Kaye’s Legislative Package 2014
Final disposition of all introduced legislation
Bills enacted into law
HB22, altering the unemployment compensation tax calculation formula for certain small businesses.
HB 484, prohibiting the use of electronic cigarettes in public schools.
HB764, directing the Board of Audiology and Speech Pathology to review the need for licensure of assistant speech-language pathologists.
HB 36, requiring the State Board of Education to develop guidelines for academic classroom management of students who have suffered a concussion, was incorporated into Del. Anderson’s (R, Prince William) HB 410.
HB47, removing the surtax on hybrid vehicles and refunding past payments, was tabled by the Transportation Committee in favor of Chairman Rust’s bill, HB975, with similar language. HB 975 was enacted.
HB 381, repealing A-F grading of public schools was left in the Education Committee. I became a co-patron of Del. Landes’ HB 1229, which postpones implementation of the A-F school achievement ranking system by two years.
Pending Budget Amendment: Budget amendment Item 361, restoring Virginia’s annual dues payments for the Interstate Commission on the Potomac River Basin was adopted by the House and for inclusion in the their respective versions of the 2015-2016 Budget Bill. As of May 4, 2014, however, the two Houses have not agreed on a Budget, so the restoring amendment has not yet taken effect.
Legislation continued to 2015. The following bills were continued on the Committee agenda for hearings and action during the interim between regular sessions. The Committee may reintroduce the bill in the 2015 Session.
HB 314, permitting retirees to subtract health insurance premiums from their Virginia taxable income, continued by the House Committee on Finance.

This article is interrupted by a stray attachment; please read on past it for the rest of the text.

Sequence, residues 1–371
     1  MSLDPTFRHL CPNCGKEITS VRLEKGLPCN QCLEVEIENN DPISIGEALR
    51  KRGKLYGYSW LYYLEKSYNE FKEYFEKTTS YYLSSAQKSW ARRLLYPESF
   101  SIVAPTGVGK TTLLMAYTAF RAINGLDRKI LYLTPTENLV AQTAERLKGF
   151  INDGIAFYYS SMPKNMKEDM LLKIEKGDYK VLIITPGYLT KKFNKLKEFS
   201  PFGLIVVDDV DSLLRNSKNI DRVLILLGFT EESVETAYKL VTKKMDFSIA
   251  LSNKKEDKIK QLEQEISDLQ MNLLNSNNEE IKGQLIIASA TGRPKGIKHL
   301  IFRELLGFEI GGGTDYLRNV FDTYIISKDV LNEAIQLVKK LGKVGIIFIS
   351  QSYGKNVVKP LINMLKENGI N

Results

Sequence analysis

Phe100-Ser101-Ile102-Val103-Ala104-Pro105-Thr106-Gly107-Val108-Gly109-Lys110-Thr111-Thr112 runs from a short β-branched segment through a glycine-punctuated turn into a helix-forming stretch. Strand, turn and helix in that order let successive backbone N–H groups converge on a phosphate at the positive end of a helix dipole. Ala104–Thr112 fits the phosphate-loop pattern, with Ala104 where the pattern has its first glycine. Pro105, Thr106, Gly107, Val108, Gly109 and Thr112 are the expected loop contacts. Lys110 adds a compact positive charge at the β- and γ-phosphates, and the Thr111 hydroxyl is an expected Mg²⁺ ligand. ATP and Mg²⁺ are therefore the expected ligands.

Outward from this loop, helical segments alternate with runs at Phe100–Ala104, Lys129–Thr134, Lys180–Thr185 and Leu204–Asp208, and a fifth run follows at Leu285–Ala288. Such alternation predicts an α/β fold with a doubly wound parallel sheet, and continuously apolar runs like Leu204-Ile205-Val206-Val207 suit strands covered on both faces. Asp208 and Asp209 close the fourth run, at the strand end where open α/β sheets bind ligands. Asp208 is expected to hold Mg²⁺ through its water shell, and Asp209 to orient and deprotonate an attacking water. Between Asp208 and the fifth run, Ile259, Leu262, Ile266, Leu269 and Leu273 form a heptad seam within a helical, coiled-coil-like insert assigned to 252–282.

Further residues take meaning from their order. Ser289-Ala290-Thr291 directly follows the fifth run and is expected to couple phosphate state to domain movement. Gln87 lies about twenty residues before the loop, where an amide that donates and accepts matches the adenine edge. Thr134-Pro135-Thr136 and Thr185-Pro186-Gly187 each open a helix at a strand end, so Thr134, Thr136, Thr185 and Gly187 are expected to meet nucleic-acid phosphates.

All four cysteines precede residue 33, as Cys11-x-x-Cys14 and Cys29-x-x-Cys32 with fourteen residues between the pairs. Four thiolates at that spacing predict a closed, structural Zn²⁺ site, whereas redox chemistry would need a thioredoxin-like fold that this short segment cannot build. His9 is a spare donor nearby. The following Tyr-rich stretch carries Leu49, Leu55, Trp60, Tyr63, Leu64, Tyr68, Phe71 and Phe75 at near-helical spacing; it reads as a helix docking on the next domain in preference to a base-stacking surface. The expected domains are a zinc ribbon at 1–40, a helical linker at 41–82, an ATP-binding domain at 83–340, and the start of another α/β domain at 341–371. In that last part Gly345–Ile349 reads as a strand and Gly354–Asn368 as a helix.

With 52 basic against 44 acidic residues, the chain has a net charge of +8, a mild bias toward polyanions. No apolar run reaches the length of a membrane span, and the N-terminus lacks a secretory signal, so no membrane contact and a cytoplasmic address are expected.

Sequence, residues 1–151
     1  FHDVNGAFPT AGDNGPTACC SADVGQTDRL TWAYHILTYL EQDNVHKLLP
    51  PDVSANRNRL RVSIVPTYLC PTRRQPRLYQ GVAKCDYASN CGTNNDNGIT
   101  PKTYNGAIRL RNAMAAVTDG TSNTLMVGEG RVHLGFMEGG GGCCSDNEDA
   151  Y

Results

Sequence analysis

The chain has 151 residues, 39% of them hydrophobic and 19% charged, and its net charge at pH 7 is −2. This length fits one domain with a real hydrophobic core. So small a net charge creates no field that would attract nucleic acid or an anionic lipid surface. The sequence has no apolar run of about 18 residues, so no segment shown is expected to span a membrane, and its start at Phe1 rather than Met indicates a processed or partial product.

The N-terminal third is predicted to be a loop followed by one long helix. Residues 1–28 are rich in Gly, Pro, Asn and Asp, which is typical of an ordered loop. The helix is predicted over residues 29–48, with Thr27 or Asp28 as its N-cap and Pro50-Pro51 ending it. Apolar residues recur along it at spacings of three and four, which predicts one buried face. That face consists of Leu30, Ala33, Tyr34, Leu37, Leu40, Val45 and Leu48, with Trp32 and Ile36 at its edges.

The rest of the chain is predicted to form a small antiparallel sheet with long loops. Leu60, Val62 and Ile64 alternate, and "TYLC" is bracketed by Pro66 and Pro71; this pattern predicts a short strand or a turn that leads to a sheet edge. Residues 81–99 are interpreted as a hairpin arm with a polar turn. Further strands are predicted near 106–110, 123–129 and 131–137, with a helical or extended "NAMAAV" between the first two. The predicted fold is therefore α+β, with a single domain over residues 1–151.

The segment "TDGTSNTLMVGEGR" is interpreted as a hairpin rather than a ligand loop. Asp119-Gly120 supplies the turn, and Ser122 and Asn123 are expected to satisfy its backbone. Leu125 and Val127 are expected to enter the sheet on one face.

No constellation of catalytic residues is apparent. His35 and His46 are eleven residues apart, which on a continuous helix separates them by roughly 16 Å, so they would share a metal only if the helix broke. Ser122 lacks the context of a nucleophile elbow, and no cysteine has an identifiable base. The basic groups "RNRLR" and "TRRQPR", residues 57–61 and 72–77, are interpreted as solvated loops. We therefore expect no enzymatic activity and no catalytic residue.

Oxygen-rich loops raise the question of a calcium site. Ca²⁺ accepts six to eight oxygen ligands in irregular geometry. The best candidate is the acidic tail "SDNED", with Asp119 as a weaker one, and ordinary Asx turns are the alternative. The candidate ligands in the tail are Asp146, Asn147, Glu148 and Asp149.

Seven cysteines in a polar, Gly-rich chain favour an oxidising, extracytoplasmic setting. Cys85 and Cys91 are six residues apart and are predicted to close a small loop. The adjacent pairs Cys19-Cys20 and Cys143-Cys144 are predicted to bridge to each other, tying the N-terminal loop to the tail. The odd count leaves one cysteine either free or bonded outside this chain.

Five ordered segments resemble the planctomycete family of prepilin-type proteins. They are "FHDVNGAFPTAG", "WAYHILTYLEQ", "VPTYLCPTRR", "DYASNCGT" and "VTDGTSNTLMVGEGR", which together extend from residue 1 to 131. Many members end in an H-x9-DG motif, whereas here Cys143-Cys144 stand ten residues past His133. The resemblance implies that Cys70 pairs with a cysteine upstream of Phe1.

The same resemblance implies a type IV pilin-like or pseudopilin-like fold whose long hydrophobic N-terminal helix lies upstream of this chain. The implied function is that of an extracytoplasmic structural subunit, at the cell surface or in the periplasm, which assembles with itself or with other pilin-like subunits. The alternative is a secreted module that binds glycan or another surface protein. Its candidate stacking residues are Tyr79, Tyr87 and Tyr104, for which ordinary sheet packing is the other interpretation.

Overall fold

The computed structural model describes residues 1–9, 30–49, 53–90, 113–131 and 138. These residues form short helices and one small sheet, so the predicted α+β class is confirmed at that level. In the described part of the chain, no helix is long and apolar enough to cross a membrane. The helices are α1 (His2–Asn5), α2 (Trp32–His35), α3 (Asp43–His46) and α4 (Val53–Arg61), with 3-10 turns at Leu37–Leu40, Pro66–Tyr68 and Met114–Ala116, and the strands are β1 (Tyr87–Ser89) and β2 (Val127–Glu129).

HB 742, requiring school and student broadband connectivity data to be reported as a foundation for determining the use of electronic textbooks, as well as how to work toward closing the Digital Divide, continued by the House Committee on Education.
HB 746, requiring that gifts to the families of legislators and elected officials be reported under the Conflict of Interest Act, continued by the House Committee on Courts of Justice.
HJ91, requiring a study of Virginia’s ethics laws, continued by the House Rules Committee.
Legislation defeated or left in Committee
HB 59, the Tuition Equity Act, providing in-state higher education tuition for undocumented Virginia students granted Delayed Action status, was tabled by the Education Committee in favor of Delegate Rust’s HB747, with similar language. HB 747 was reported out by the Education Committee but was left in the House Appropriations Committee.
HB 555, permitting localities to prohibit altering or impeding storm water flow on VDOT rights-of-way was reported by the House Transportation Committee but defeated on the House floor, 37 yea, 61 no.
HB 315, increasing criminal penalties for exploitation or intimidation of the elderly and disabled was left in the Committee on Courts of Justice.
HB 319, adding the choice of a paper check to the existing options (debit card and direct deposit) for issuing individual income tax refunds, was incorporated into Del. LeMunyon’s HB 440, which was left in the Committee on Finance.